Stopping contribution to their home country
Summary: The financial games of Microsoft and Apple culminate in more loan-taking manoeuvres, which give legs to speculations and rumours
ARE Microsoft and Apple good for the US economy? It depends on whose economy. Microsoft made some few Americans very affluent, but those people and the company they work(ed) for, Microsoft, do not pay tax, or only pay negligible amounts in tax. Apple, to a certain degree, is the same.
The other day we showed 'legalised' tax avoidance using corporate tricks that lobbyists make "legal". We showed how Microsoft moles in government let Microsoft avoid billions in tax, leaving others to fill the fiscal gap. This is robbery, technically speaking, but nobody will be sent to jail for it because the legal system is controlled by those with a lot of money,
According to this report as well as others, Apple keeps much of its money abroad, despite being US-based. With an estimated 22-30 trillion dollars (global aggregate) in offshore tax havens, this too deserves criticism. No wonder the richest families continue to gain trillions in value every year while others struggle to earn enough money for food and shelter. Microsoft has been doing this for years as well and it still does it.
Microsoft Corp. (MSFT), one of four U.S. companies with a top credit rating from Standard & Poor’s and Moody’s Investors Service, sold $2.67 billion of bonds with a portion of euro-denominated debt paying a record-low coupon.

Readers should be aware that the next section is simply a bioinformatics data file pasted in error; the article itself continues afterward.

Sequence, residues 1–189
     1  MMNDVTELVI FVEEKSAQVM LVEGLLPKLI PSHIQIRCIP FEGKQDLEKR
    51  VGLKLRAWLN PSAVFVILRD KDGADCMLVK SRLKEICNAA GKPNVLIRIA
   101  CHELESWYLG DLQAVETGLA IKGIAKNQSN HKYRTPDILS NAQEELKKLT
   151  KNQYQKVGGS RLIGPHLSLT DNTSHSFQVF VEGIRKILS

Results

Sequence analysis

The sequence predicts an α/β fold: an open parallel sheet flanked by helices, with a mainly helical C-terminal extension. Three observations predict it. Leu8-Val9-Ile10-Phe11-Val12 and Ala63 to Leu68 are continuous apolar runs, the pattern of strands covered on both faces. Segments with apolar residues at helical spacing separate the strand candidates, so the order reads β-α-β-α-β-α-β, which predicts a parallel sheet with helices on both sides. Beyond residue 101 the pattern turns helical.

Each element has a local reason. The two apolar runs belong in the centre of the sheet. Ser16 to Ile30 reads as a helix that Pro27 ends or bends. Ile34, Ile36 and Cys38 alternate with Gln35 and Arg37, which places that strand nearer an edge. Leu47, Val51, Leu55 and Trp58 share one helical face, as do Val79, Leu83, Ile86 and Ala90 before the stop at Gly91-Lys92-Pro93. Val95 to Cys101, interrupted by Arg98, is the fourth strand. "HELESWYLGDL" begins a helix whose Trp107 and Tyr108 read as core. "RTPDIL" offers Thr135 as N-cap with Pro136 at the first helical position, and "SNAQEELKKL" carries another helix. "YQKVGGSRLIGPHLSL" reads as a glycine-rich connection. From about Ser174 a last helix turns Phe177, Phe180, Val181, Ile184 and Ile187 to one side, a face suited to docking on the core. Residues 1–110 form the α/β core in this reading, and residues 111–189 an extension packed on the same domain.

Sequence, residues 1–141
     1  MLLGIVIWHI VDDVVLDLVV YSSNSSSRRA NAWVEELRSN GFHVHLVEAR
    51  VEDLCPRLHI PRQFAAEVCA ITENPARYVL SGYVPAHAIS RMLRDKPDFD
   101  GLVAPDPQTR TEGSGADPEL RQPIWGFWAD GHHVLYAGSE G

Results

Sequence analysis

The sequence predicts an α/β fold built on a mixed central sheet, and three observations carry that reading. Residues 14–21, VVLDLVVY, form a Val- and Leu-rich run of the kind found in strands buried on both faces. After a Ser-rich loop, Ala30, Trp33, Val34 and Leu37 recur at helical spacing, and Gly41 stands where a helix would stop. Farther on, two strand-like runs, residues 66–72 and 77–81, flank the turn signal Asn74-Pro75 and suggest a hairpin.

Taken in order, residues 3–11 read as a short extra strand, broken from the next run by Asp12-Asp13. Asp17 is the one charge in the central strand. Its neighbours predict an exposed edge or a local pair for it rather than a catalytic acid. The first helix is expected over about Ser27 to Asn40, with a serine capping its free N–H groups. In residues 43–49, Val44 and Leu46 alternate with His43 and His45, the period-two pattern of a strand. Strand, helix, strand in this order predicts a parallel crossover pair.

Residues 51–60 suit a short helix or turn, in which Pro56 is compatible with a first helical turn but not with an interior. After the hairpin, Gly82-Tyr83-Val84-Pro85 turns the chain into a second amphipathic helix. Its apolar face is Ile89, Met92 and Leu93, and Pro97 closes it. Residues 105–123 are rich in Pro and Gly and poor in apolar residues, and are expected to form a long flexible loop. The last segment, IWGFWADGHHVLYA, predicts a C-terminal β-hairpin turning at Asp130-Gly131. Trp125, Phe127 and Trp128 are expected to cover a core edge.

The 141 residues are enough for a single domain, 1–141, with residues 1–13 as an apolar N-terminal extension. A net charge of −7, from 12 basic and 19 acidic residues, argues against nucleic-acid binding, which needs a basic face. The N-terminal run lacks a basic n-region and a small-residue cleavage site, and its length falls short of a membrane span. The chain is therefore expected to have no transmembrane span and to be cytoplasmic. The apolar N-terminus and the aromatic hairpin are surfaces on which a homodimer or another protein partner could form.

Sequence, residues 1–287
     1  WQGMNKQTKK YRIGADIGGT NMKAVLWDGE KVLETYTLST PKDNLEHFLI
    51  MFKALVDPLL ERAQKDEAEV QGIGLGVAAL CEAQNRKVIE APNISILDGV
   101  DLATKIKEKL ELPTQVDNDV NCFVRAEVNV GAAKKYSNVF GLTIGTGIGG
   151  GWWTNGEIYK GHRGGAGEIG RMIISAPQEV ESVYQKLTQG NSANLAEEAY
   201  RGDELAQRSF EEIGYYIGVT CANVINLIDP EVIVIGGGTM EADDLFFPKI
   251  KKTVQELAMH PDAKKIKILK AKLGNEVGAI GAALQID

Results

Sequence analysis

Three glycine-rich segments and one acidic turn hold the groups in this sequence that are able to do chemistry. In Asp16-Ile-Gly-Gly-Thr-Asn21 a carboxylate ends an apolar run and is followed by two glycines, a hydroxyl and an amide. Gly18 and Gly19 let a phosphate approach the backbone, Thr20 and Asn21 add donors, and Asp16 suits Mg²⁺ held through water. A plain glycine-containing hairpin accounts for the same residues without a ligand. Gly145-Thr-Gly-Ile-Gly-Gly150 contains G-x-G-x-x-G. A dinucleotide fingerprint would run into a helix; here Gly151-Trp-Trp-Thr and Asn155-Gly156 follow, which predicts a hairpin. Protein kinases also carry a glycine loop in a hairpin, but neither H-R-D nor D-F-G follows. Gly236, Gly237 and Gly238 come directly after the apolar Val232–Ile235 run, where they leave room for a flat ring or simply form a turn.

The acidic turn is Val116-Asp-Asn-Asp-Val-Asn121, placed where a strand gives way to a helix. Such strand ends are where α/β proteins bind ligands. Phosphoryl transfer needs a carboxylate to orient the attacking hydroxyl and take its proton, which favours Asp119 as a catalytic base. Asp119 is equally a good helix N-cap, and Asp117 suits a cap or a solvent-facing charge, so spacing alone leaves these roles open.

The world’s largest software maker issued bonds in euros for the first time, raising 550 million euros ($715 million) with 20-year, 2.625 percent notes, the lowest coupon among similar-maturity, non-financial corporate bonds sold in that currency, according to data compiled by Bloomberg. The debt pays 55 basis points more than swaps.
Microsoft has debt to repay. We wrote about this in many posts for over half a decade. Contrary to common myths, Microsoft is not always profitable, but it is always corrupt, at times with its finances, too. █
“One strategy that Microsoft has employed in the past is paying for the silence of people and companies. Charles Pancerzewski, formerly Microsoft’s chief auditor, became aware of Microsoft’s practice of carrying earnings from one accounting period into another, known as “managing earnings”. This practice smoothes reported revenue streams, increases share value, and misleads employees and shareholders. In addition to being unethical, it’s also illegal under U.S. Securities Law and violates Generally Accepted Accounting Practices (Fink).
–2002 story about Charles Pancerzewski, Microsoft